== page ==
Anyone looking for a New Year’s resolution?

Is anyone looking for a New Year’s resolution? I’ve got one for you. If you have the nerve to accept it. Many people love to play video games that simulate battles between good and evil. Simulate life and death. But hey – this one’s for real.

Anyone looking for a New Year's resolution?

I wrote it, in large part, to challenge myself eleven years ago. I’ve looked for it many times since then. Couldn’t find it. But now, December 31, 2021 – I finally found it.

So here it is, no doubt with some updates as I prepare it for publishing here on God versus religion. Since I don’t really plan ahead, but go “where the Spirit leads me” when I write, I can’t wait to see what comes out.

It’s an interesting resolution. You can use it over and over. Every year. Whether you meet the challenge or not, you can always use it again.

Maybe you’ll ask questions. What if I Have a massive failure with it? No problem. Just try again. In fact, we don’t even have to wait for another new year to start over. But hey, if that New Year resolution helps us restart, use the momentum to try again!

What if I have success? Again, no problem. No matter how much success we might have, there’s always room for improvement. New challenges within the challenge. It’s the ultimate “never-ending story”. As long as we’re still breathing, there’s more!

Anyone looking for a New Year’s resolution? Here’s mine. Feel free to use it.

Ready? Here’s an updated version of the original December 31, 2010 New Year’s resolution.


Well, the year is about to draw to a close. Time to make resolutions.  Things we want to do next year. Maybe we keep them. Maybe not. Depends on how important they are to us, I guess.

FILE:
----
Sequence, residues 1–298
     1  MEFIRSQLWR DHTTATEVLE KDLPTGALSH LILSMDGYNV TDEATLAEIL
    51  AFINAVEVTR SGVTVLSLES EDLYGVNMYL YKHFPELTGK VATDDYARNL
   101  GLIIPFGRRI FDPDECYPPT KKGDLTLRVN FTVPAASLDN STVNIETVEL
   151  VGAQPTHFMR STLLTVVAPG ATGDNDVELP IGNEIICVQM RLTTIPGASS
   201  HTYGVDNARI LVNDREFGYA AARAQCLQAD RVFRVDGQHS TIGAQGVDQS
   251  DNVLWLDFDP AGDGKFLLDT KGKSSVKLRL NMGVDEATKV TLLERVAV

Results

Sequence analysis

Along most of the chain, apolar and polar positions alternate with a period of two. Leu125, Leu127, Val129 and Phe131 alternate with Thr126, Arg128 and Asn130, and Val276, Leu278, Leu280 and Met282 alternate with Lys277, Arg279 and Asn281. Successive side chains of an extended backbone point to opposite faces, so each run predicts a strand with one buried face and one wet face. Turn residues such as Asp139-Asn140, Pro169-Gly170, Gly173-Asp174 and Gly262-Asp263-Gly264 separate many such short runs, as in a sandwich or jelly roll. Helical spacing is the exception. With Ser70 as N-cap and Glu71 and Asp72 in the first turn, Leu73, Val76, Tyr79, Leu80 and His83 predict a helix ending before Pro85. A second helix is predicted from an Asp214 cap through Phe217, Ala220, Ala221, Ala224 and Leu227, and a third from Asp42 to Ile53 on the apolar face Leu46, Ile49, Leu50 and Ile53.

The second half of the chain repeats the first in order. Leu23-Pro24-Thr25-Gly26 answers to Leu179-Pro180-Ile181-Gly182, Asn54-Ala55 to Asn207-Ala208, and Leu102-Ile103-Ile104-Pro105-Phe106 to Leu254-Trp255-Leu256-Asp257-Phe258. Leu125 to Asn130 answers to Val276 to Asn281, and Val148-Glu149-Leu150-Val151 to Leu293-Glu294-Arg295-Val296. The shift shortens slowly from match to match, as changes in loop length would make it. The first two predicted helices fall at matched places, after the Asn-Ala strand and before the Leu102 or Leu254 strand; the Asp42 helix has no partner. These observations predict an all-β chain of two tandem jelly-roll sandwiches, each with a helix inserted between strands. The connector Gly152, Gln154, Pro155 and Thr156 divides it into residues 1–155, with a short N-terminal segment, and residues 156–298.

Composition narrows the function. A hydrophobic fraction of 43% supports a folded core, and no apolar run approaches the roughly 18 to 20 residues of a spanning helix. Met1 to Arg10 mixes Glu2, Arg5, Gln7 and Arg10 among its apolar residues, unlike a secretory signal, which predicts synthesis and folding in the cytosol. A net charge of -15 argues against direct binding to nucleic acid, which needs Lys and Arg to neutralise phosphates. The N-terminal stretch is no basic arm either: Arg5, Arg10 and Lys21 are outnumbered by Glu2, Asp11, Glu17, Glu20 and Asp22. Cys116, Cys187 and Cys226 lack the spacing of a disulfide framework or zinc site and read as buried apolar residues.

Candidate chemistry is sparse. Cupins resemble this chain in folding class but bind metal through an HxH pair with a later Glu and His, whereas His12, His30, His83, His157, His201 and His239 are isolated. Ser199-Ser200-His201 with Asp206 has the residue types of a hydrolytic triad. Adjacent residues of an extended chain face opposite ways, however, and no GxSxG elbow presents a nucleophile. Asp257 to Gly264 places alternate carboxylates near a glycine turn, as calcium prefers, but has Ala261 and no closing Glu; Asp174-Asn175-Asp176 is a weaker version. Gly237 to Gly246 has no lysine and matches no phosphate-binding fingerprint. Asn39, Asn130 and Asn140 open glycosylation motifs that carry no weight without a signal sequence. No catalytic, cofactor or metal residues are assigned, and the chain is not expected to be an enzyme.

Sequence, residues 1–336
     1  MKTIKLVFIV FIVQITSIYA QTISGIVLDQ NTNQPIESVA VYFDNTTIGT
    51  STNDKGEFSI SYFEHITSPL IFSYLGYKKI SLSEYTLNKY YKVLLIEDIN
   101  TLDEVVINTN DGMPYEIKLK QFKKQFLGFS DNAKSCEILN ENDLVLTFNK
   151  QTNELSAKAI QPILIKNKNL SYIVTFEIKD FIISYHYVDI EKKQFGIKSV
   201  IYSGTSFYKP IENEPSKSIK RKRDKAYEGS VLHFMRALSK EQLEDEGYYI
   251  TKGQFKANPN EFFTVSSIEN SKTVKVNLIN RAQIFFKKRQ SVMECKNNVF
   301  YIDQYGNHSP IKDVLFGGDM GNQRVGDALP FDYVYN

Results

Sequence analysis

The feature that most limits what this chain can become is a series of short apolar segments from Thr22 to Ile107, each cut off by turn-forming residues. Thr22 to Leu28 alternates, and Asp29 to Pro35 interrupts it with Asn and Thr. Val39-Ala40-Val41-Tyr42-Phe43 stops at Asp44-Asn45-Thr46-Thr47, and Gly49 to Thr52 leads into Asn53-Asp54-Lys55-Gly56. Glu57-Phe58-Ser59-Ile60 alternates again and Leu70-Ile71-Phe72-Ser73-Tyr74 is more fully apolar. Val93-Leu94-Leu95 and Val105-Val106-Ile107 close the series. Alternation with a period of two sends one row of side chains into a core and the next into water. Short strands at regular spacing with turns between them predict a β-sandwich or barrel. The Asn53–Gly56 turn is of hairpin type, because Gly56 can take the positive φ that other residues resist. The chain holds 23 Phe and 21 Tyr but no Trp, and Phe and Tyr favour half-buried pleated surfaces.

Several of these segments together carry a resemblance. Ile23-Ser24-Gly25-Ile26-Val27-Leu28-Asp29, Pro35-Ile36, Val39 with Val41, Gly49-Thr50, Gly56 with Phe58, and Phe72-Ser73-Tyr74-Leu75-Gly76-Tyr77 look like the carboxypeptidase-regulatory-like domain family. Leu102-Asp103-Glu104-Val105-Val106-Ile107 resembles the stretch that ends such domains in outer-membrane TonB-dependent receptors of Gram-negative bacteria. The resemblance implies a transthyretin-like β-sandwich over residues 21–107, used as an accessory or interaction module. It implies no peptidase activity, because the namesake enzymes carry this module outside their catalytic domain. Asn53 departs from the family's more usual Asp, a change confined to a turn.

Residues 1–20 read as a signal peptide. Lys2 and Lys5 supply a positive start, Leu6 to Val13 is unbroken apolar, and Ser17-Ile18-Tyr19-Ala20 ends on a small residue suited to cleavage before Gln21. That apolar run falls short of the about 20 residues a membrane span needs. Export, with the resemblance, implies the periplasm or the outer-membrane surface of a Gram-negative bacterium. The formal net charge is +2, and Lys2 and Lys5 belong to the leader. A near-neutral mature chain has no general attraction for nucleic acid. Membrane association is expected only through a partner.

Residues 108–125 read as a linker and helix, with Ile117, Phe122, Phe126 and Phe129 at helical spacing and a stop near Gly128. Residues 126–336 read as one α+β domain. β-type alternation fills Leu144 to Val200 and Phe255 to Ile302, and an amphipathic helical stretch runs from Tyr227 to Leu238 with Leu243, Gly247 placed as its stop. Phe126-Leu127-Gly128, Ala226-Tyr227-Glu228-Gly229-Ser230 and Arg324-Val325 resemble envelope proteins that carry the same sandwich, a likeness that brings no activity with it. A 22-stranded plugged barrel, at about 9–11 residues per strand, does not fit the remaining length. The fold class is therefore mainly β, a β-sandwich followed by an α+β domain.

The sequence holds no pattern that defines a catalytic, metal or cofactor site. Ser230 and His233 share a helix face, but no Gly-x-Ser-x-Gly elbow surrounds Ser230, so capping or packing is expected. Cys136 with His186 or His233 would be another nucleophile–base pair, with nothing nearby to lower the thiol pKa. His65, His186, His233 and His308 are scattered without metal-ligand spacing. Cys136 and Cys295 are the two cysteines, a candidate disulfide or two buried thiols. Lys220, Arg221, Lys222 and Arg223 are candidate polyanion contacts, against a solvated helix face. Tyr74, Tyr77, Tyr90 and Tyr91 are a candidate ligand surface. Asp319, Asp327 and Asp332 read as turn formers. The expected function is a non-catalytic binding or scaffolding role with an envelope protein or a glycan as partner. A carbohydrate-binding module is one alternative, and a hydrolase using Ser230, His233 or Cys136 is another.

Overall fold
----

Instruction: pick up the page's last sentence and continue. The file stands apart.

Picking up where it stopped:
For me, this has been a mostly good year. This site is growing. I pray that at least some of the readers are also growing in their relationship with God. I know that doing the research for it, and taking the time to write it, certainly grows my relationship with Him.

That was in 2010. It’s been a tough year in many ways. Below are just a few of them.

Prostate cancer – an operation that didn’t remove all the cancerous cells. Will have treatment throughout the coming year to try to eradicate it.

Donnie, our four-legged Havanese (we think) canine variety kid, passed away after a ten month battle with kidney failure. He suffered very little. He quickly adapted to the fluid treatments. The meds were calculated to have minimal impact on his quality of life. When he reached the point where we had to put him to sleep, every person working in the hospital stopped in to say goodbye first. Many were crying because Donnie had really touched them over those ten months. Neighbors sent flowers. We still miss Donnie.

After several months, we adopted Mikey. He’s a combo plate of unknown origin. We do know he spent quite a bit of time on the streets, had two foster homes for a total of nine months. He needs so much special care that the rescue agency rejected everyone before us because they didn’t think the people could handle Mikey and give him a good home. We did a long questionnaire and a two hour interview before bringing Mikey home. He was, and still is, a challenge. We’ve had abandoned dogs before, but Mikey’s far more traumatized by his first couple years of life than anyone we’ve had so far. It’s been three and a half months now. Mikey’s got a long way to go – but he’s already come so far. The dog that would “probably never be a lap dog” loves to climb up on my lap.